Friday, July 13, 2018

Painfully Rich

So we all know - and don't really believe - that being rich doesn't make you happy, unless, that is, we have been stinking, filthy, "painfully rich" as the condition is described by the the author of the book on the Getty family, on which the 2017 film All the Money in the World is partly based. Only then, it would seem, do we know, especially if we are the heirs to such painful riches, as J.Paul Getty's children and grandchildren were.

But now, with the production at last of this painfully real 'truth inspired' film of the 1973 kidnapping of one of Getty's grandchildren, we, the not painfully stinking, can finally see for ourselves just what BIG money can do to a man and his family.

And so I urge all to see this film, as I have just done, for that reason if no other. Although you won't only come away thinking how much better you feel about not being rich. For the story of how the grandfather, at the time the richest man in the world, refused to pay the ransom money for the safe return of his grandson, and as a result the grandson was kept in near squalor and fear for his life for five months and eventually had his right ear cut off, an ordeal that he never recovered from psychologically and died prematurely no doubt partly as a result of, will also shock you to the core, as seeing is believing - almost - to learn just how ruthlessly arrogant and heartless an insanely money-obsessed man can actually be, as if we needed any more evidence of this, which we don't really.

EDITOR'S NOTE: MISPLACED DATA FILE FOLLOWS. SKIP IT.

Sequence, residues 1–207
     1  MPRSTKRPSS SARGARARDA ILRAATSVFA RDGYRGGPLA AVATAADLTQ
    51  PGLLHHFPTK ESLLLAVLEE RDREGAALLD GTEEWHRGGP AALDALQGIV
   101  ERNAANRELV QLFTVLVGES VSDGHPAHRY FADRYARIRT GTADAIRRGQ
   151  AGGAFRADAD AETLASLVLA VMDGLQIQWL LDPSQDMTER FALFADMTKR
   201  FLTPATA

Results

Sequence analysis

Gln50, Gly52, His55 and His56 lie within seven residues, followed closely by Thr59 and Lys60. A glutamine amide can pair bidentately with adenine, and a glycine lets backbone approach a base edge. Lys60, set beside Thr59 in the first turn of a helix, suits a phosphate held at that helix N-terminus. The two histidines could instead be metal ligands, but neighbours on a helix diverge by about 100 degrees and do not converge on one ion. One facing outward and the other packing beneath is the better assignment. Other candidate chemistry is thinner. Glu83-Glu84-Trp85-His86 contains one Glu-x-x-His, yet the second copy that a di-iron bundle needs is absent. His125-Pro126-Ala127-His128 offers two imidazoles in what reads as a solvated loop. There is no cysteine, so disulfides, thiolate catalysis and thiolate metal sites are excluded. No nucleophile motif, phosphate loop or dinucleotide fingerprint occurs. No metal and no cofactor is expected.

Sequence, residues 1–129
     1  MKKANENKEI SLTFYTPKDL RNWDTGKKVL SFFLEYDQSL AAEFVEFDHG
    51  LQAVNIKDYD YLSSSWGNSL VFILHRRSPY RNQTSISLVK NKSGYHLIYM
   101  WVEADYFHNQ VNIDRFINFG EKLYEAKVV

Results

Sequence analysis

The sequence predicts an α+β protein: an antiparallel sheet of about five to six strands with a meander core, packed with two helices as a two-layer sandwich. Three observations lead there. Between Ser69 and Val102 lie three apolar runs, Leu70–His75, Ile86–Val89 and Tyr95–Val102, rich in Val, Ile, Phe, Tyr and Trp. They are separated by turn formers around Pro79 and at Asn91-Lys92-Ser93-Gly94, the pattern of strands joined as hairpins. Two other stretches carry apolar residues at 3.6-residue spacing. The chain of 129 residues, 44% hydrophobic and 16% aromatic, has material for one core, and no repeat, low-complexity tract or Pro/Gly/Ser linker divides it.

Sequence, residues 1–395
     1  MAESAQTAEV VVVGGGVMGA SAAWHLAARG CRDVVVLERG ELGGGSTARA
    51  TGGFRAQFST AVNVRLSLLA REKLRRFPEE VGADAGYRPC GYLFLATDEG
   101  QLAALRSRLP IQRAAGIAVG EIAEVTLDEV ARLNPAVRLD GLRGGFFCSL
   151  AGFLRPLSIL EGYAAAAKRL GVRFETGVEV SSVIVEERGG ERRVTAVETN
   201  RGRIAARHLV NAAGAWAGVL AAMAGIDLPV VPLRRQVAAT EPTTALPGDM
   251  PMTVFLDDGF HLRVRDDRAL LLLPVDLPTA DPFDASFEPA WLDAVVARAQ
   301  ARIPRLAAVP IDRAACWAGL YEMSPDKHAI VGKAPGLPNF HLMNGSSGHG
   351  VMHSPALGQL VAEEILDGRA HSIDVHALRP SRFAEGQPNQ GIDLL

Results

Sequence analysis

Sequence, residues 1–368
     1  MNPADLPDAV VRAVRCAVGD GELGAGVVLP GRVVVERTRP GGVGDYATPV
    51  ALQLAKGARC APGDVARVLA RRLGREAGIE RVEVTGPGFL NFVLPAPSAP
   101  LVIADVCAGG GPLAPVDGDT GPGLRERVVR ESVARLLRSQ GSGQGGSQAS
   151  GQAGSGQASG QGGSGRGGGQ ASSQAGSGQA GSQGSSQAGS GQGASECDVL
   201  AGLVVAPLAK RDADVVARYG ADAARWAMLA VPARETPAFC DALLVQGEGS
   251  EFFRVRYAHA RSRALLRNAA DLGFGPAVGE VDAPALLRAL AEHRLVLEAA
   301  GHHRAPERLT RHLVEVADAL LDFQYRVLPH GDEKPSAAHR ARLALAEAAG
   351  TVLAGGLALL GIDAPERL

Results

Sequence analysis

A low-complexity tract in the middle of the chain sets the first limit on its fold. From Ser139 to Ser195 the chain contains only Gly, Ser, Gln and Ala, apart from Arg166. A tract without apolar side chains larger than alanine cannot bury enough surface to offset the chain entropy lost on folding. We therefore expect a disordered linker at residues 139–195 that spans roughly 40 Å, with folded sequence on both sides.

But the film is also illuminating on a gender front, as the mother of the kidnapped boy, who was just 16 at the time, fights such a valiant and tireless battle against this ruthlessness on behalf of her son, having asked Getty for no money to raise her three children when she was divorced from her husband, Paul Getty Jr, that her lack of greed, humanity and strength, which in the end sees her son finally returned to her, albeit scarred for life, provides a salient and reassuring counter to the man's corrupt, callous heart.

I feel reassured at least. And I wonder how many gender stories of this sort remain out there still untold, it took long enough to tell this one, though it is totally made for film.

When Getty senior died he left not one penny in his will for the kidnapped grandson (though he himself had inherited a business worth 10 million from his father). What a fucking arsehole, even if, in theory at least, he might have been doing the boy a favour. Alas, it was too late for that.

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